Saturday 24 April 2021

Monster Moth Picks its Victims from Open Fields

Monster Moth: Init +0; Atk snatch +7 melee (no damage) or bite +4 melee (2d8)AC 16; HD 4d16+8; MV 10’ or fly 60'; Act 1d20; SP snatch, drop; SV Fort +4, Ref +8, Will +4; AL C.

The monster moth is rare creature suitable for both DCC and MCC campaign milieus. It prefers open areas, such as fields and plains, where it is able to detect prey. Although not particularly stealthy, the monster moth can fly faster than most humanoids can run, which again makes open fields a suitable hunting ground for the creatures.

A monster moth attacks first with a snatch attack, which allows it to grab a creature and bear it aloft when it is next able to move. The victim can use an Action Die to attempt a DC 15 Strength or Agility check to break free, but once aloft normal falling damage applies. The monster moth then bears its victim to some remote location to devour it privately. If the victim fails a Luck check, the monster moth begins its feast by dropping the victim 1d6 x 10', with appropriate falling damage, both to take the fight out of the creature and to tenderize its prey.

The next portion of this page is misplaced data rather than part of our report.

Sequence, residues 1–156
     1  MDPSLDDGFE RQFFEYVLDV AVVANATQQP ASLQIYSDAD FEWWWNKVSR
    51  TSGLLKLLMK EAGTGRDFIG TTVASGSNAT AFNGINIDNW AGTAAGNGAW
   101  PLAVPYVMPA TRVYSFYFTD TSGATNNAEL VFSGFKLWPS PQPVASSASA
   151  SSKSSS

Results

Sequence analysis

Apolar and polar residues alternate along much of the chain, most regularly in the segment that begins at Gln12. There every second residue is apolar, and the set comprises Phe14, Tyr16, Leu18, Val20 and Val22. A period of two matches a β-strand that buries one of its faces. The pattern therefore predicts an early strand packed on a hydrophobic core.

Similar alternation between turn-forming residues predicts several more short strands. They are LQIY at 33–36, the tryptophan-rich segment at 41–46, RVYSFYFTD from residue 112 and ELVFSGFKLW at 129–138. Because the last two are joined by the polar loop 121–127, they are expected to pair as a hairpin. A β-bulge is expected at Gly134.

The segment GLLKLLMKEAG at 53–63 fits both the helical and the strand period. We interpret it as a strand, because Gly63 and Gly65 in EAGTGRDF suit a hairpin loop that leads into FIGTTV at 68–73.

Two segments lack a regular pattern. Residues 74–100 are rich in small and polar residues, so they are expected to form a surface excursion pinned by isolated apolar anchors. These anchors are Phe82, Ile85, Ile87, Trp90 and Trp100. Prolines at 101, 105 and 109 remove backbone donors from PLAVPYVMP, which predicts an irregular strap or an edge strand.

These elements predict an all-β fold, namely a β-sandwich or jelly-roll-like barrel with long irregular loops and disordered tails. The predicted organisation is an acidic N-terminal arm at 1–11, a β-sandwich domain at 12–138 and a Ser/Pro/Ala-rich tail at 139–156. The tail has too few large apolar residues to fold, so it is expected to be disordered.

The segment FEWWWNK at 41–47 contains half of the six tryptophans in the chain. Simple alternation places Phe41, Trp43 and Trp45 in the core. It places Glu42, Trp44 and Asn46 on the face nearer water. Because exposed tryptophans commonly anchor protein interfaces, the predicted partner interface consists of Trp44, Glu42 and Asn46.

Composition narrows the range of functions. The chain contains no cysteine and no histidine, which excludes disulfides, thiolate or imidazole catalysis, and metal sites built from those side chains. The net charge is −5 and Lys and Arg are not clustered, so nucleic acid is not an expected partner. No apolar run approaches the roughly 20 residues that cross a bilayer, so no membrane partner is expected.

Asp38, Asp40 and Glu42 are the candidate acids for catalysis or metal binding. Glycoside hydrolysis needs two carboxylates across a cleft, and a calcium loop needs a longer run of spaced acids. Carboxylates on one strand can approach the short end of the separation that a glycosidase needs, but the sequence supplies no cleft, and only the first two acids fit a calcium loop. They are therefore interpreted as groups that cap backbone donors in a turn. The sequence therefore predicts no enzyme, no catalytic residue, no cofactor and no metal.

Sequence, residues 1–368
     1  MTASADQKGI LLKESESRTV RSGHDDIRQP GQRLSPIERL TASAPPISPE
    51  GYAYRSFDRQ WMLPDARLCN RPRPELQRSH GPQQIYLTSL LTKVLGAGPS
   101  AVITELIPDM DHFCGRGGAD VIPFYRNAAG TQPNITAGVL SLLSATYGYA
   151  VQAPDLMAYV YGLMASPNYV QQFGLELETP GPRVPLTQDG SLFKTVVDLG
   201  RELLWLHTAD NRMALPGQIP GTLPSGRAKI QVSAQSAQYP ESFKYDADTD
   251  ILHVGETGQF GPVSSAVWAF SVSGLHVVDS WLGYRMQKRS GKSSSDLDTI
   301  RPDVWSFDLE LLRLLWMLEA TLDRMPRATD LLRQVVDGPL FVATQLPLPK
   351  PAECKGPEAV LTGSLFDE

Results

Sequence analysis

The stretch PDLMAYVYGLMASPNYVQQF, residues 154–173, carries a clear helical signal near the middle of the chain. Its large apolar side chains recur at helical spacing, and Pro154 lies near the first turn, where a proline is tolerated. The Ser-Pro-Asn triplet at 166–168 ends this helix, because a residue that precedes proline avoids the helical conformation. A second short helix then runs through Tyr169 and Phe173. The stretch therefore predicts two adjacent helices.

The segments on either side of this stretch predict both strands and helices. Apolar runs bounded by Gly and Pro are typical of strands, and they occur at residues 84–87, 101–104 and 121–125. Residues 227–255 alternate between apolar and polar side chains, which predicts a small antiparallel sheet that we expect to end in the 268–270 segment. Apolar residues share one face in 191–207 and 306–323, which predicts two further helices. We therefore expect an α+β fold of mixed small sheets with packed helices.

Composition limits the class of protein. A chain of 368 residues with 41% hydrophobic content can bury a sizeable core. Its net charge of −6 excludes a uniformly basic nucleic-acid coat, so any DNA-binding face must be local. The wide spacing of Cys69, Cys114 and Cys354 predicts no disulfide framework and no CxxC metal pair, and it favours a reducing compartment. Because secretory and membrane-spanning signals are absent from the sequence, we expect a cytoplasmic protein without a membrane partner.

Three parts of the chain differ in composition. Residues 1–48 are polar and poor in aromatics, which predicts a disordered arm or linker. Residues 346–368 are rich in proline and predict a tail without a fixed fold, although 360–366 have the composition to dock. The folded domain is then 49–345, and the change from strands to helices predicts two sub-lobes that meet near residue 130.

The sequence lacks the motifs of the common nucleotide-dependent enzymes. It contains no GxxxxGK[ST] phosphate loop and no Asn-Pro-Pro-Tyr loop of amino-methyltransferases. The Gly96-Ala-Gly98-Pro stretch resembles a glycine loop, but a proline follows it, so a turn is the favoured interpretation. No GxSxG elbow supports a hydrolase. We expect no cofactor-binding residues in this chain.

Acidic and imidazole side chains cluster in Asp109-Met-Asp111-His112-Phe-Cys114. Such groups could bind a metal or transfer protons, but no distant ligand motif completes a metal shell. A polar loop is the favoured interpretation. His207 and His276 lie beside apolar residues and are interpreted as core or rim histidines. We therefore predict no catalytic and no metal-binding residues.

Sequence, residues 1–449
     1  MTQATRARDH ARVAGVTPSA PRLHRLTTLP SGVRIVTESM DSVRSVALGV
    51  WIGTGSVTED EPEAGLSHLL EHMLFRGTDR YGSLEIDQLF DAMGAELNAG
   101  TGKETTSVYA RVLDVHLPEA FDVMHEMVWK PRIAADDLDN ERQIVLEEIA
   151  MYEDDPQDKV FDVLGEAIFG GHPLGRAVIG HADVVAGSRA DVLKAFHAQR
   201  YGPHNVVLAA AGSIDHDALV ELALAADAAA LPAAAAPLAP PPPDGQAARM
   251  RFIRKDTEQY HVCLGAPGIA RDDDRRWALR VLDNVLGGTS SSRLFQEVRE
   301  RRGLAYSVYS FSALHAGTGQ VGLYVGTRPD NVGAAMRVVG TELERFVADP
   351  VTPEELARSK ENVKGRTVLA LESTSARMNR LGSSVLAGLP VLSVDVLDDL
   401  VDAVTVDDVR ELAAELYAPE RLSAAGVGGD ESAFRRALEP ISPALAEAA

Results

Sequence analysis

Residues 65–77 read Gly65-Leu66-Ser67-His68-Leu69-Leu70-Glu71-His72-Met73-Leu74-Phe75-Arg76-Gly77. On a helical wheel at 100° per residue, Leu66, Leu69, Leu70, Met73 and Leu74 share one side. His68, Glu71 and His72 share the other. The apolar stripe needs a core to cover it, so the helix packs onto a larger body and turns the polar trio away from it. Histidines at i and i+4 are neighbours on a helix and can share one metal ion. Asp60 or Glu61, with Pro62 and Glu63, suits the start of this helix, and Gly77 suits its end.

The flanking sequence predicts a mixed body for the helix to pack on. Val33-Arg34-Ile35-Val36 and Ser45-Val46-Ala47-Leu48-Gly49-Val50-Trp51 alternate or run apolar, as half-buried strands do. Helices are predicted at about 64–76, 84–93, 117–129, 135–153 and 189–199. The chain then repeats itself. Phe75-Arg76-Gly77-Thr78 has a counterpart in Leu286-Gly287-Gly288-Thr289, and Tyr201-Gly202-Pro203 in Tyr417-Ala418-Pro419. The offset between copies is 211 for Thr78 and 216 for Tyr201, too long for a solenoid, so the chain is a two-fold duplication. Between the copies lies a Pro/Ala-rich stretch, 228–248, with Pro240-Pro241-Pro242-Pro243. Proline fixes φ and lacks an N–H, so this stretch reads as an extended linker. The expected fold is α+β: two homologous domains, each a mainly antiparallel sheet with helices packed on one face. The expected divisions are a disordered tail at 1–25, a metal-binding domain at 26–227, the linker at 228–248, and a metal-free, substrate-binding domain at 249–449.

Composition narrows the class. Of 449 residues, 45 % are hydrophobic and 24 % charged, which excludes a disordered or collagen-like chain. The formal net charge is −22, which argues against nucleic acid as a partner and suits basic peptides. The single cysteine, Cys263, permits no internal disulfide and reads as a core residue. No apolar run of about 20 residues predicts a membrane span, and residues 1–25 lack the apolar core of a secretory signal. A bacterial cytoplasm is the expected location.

The monster moth itself is an unholy amalgam of an enormous humanoid and a colossal moth, and it is both intelligent and malign. It might have been created by a mad scientist of the Ancients, mutation, a wizard's presumptuous experiments, or even a rain of tiny dead monsters.

Thanks to James Mishler, I learned that the Monster Museum was a common entry in the Gold Key comics of the past. They had a "Gold Key Kids Club," and part of it was a "Draw Your Own Monster" entry, which was only for the subscriber copies. They were also used multiple times in multiple titles, but this image (along with the Giant Walking Eye and the Mammoth Mummy) appeared in The Lone Ranger #9 and probably other Gold Key issues.

Discerning readers will note that I gave the monster moth only 4 HD, but made them d16s, with a +8 bonus. This gives the creature a range of hit points between 12 and 72, with an average of 40 hp. That works for the creature in the illustration, to my mind at least, without allowing it the massive critical effects that higher Hit Dice would grant. This is intentional, as a snatch attack could still result in a critical hit, and I didn't want that attack to result in a PC death. There are still some nasty critical effects that could occur, but nothing out of line with how I envisioned the creature. This blog post has more information on my rationale for creature design.

If you use this creature in your game - or, really, any of the ones posted here - please drop me a line and let me know how it went!

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